“Walk on, walk on, walk on, on the breath of our grandfathersâ€
These words of the Gitksan follow the Wsinaaxhl, the songs sung beside the dead. They proclaim the strong sense of continuity, the belief in the constant reincarnation of thought, deed and man; the knowledge of the presence of yesterday in today, of today in tomorrow. In this spirit is offered the arts of ‘Ksan, inspired by the past, born in the present, bequeathed to the future.
The mezzanine floor of the Roval Bank of Canada’s main branch in the Royal Centre in Vancouver houses an extraordinary work of art – the largest single work of native design ever undertaken by the North Coast Indians of British Columbia. This is the ‘Ksan Mural, 120 feet long and 8 feet high, a magnificent frieze carved in Western Red Cedar and intricately painted by hand. Nine sculptured panels – three massive central designs flanked on each side by three subsidiary panels – form an entire wall in the branch and create a dramatic focal point for the spacious banking mall.
Raven, deer, and human. Raven slays the deer and uses its skin to disguise himself so that he may steal fire from human, represented in lower left and right corners.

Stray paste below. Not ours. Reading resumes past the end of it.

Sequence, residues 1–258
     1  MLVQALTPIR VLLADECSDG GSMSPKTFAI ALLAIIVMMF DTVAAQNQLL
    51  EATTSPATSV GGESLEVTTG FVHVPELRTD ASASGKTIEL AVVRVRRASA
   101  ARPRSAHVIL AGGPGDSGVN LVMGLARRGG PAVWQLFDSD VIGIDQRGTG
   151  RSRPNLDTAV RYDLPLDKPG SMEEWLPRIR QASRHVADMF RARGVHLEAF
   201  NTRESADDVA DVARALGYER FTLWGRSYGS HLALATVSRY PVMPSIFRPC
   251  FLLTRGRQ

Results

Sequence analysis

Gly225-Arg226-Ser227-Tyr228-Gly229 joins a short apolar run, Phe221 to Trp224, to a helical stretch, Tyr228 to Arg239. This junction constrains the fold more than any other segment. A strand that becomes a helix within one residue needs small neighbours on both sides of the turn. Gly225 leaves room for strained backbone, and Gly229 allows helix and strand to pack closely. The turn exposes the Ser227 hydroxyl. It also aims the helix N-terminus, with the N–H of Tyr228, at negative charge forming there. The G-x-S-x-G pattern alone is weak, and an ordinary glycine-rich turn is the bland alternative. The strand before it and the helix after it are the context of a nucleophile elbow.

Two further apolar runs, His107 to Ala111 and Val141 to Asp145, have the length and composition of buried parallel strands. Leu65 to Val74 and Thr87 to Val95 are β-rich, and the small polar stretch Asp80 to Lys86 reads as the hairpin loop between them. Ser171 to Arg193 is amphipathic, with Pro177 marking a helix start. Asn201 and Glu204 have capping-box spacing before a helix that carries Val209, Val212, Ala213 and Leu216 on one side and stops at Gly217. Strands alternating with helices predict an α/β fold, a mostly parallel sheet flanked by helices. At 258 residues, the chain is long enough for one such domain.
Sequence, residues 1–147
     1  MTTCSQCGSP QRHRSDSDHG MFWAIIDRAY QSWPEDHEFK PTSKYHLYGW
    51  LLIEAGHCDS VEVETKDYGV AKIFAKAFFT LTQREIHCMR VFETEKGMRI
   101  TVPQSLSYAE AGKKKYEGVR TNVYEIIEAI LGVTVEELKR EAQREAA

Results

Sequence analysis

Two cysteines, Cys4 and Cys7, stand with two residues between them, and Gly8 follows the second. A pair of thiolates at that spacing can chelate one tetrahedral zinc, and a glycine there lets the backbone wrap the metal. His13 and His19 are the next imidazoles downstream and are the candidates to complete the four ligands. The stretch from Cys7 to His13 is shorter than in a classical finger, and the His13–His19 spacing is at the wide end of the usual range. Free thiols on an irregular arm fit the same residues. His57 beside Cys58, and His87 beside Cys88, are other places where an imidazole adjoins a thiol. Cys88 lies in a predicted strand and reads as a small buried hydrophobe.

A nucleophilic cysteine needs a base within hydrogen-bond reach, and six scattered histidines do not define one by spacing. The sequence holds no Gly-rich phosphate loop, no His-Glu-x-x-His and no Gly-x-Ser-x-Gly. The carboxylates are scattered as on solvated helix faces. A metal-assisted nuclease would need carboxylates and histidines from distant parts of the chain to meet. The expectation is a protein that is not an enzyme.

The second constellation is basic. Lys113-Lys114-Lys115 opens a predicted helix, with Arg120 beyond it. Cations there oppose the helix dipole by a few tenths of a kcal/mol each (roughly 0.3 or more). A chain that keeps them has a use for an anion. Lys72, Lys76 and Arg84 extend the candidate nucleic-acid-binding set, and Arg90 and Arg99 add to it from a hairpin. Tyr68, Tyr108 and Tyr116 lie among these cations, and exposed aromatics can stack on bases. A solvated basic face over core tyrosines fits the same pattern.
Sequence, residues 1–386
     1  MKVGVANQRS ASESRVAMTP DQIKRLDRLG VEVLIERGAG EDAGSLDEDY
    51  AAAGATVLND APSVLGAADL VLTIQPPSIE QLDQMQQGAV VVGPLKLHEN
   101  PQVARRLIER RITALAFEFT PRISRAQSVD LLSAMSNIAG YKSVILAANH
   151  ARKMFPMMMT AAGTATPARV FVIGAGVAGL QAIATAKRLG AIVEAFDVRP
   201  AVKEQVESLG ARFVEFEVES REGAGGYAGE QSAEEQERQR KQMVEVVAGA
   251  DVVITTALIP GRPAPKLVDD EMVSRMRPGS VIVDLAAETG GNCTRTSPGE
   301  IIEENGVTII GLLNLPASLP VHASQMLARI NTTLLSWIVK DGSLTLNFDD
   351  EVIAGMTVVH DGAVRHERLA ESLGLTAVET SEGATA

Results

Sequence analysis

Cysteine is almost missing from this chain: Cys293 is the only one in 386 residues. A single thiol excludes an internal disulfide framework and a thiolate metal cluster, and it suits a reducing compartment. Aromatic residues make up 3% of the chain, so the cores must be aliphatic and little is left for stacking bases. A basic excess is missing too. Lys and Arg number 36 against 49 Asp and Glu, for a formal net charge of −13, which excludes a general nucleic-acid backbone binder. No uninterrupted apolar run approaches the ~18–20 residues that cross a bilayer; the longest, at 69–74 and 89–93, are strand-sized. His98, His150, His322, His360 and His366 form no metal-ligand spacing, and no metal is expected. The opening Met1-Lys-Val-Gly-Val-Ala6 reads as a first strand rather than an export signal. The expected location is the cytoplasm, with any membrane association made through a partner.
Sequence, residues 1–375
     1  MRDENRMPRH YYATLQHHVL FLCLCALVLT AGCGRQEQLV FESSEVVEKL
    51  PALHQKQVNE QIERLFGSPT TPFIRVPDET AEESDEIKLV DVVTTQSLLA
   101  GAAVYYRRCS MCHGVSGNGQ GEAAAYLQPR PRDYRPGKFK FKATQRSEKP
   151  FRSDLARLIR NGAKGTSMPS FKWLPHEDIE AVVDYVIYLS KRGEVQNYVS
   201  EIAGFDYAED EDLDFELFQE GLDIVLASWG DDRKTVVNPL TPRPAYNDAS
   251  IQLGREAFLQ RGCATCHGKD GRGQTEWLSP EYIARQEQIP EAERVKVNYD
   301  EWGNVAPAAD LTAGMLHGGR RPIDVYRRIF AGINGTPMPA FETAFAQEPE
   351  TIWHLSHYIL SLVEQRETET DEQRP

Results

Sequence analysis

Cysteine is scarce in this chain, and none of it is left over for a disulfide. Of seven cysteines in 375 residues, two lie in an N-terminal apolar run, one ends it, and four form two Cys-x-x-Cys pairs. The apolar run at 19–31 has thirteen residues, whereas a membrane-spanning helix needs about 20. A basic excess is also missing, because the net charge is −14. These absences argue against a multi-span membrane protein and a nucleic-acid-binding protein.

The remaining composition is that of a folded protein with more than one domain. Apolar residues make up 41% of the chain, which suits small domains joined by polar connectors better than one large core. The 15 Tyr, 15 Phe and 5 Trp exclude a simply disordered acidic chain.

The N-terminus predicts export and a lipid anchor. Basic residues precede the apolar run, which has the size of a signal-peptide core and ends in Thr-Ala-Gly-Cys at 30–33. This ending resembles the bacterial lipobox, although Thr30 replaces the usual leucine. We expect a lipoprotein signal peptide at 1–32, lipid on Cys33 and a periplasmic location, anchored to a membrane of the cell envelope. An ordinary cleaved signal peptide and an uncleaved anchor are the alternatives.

Raven travels through a hole in the sky represented by the circle in the centre of the panel to steal the sun. The sun is depicted by the circle clutched in the claws over the box which contained the sun. Other creatures depicted in this panel are the salmon, above and behind Raven, and the seal, under Raven’s wing.
Raven and the bullhead fish are represented. Raven is hungry and attempts to capture the fish which struggles to escape. The clutching grasp of raven is the cause of the misshapen bullhead of the fish.
Commissioned by the Royal Bank in 1972, the ‘Ksan Mural took five carvers three months to complete. The carvers of the ‘Ksan, all of Indian heritage, are Chief Walter Harris, hereditary chief of the Fireweed Tribe of the Kispiox, Chief Alfred Joseph of Hagwilget, Earl Muldoe, Ken Mowatt and Art Sterrit.
The tiny Indian village of ‘Ksan nestles at the confluence of the Bulkley and Skeena Rivers in North Central British Columbia. This is the place of the Gitksan . . .the people of the River of Mists, – master carvers. ‘Ksan has become a modern day museum and craft village that stands where Indian villages have stood for centuries, possibly for as long as 4000 years.
The museum recalls the long and colourful history of the Indian people of the Hazelton area. The craft village is a centre for the creation of new and beautiful art in the great tradition of the Northwest Coast Indians.